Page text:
This case study briefly explains the components of the Warrior Down reentry program designed by White Bison, Inc. for use with American Indian and Alaska Native populations reentering communities following incarceration. Key elements of this successful program include peer-to-peer programming, the use of traditional healing practices, continuous support from prison to reentry in the community, and complimentary programming for family members.
This 2010 report describes the many programs White Bison, Inc., has developed to prevent addiction and create individual recovery and resiliency in American Indian and Alaska Native Communities including the Wellbriety model, the concept of the Healing Forest, and the Firestarter peer
The Substance Abuse and Mental Health Services Administration’s (SAMHSA) website on behavioral health equity for American Indian and Alaska Native individuals and communities provides information about federal programs and initiatives designed for these populations, reports and issue briefs, and links to SAMHSA data projects and relevant external resources. Funding Source: Substance Abuse and Mental Health Services Administration
The Substance Abuse and Mental Health Services Administration’s (SAMHSA) website for behavioral health equity for Asian American, Native Hawaiian and Pacific Islander individuals and communities provides information about federal programs and initiatives designed for these populations, reports and issue briefs, and links to SAMHSA data projects and relevant external resources.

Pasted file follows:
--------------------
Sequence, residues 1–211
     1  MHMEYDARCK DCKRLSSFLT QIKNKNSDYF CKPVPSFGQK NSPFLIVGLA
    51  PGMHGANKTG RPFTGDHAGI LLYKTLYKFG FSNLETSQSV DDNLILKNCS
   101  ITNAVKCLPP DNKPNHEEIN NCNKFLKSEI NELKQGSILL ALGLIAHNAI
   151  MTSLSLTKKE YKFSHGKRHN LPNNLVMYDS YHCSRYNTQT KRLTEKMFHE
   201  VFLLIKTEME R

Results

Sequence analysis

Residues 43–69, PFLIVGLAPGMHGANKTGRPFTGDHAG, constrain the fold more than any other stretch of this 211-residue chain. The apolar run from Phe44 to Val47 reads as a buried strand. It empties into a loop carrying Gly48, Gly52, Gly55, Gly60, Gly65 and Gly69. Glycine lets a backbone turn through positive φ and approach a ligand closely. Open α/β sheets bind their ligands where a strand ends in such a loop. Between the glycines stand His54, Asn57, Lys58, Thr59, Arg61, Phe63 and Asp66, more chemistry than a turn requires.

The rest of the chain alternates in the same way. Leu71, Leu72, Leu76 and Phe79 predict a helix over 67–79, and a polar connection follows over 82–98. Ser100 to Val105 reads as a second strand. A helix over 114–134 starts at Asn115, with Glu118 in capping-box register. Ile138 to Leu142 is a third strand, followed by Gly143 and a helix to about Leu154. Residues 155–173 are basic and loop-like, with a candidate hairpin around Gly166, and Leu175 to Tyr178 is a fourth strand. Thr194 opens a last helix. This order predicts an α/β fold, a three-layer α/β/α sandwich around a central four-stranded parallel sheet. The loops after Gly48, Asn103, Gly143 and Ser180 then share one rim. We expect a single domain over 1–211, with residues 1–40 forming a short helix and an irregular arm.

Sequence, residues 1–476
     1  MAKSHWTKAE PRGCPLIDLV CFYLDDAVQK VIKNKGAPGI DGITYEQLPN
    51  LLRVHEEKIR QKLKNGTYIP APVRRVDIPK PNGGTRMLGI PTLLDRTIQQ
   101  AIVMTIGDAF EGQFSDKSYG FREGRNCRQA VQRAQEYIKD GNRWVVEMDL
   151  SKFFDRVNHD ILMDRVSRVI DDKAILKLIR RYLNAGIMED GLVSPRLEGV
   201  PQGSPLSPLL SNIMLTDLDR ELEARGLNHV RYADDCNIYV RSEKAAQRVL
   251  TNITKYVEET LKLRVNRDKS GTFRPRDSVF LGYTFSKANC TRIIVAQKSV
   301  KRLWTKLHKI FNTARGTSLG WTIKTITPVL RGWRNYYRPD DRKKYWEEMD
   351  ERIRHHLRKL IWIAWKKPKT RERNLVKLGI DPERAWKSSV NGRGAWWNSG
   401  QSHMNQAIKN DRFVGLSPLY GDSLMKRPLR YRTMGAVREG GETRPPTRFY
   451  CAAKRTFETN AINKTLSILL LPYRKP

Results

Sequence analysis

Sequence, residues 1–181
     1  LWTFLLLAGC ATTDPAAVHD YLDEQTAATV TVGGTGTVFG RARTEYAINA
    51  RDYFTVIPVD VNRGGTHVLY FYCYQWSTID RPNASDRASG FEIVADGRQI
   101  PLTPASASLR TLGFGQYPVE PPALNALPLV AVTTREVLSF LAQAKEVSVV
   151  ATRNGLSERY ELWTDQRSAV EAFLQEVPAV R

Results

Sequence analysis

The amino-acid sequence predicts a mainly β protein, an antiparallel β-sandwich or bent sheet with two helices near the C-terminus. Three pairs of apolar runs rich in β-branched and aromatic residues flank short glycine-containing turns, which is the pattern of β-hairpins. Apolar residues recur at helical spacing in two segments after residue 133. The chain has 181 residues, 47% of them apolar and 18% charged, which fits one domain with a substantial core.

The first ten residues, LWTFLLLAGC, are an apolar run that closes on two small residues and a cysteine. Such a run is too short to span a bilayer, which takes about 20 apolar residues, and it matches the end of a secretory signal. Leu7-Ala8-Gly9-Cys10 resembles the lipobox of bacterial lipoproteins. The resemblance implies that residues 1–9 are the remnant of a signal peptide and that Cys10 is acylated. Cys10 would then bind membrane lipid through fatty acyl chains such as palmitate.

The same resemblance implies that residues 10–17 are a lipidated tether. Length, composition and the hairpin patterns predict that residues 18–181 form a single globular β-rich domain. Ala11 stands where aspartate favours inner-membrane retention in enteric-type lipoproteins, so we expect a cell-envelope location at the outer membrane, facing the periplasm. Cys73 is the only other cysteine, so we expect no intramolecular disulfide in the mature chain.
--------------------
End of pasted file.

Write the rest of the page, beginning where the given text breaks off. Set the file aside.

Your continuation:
The website for the Native Center for Behavioral Health at the University of Iowa’s College of Public Health provides information about and links to the projects managed by the Center, including the National American Indian & Alaska Native (AI/AN) Addiction Technology Transfer Center, the AI/AN Mental Health Technology Transfer Center, and the AI/AN Prevention Technology Transfer Center.
The online toolkit for creating peer support programs for indigenous communities from the Southern Plains Tribal Health Board provides an overview of peer specialist services and describes the core roles and responsibilities peer specialists play in supporting treatment and recovery from substance use disorders in American Indian and Alaska Native Communities.
The Indian Health Services maternal health page contains information on caring for American Indian/Alaska Native women during pregnancy and the postpartum period. It includes links to culturally-specific guides for treating substance use disorder in pregnancy and neonatal abstinence syndrome.
This 2019 report from the American Academy of Pediatrics provides recommendations to the Indian Health Service on appropriate assessment and treatment of neonatal opioid withdrawal syndrome (NOWS) in American Indian and Alaskan Native (AI/AN) populations.
In 2015, the Minnesota Legislature directed the Department of Human Services to implement a pilot program to improve birth outcomes – the Integrated Care for High Risk Pregnancies (ICHRP) Initiative. The pilot program was designed to reach two demographic groups: African Americans at risk for low birth weight births in the Twin Cities metropolitan area and American Indians at risk for opiate use during pregnancy.
Website for the Bureau of Justice Assistance’s Comprehensive Opioid Abuse Program (COAP) Resource Center. The COAP Resource Center provides support to states, unites of local government, and tribal governments to plan, develop, and implement comprehensive efforts to identify, respond to, treat, and support those impacted by the opioid epidemic.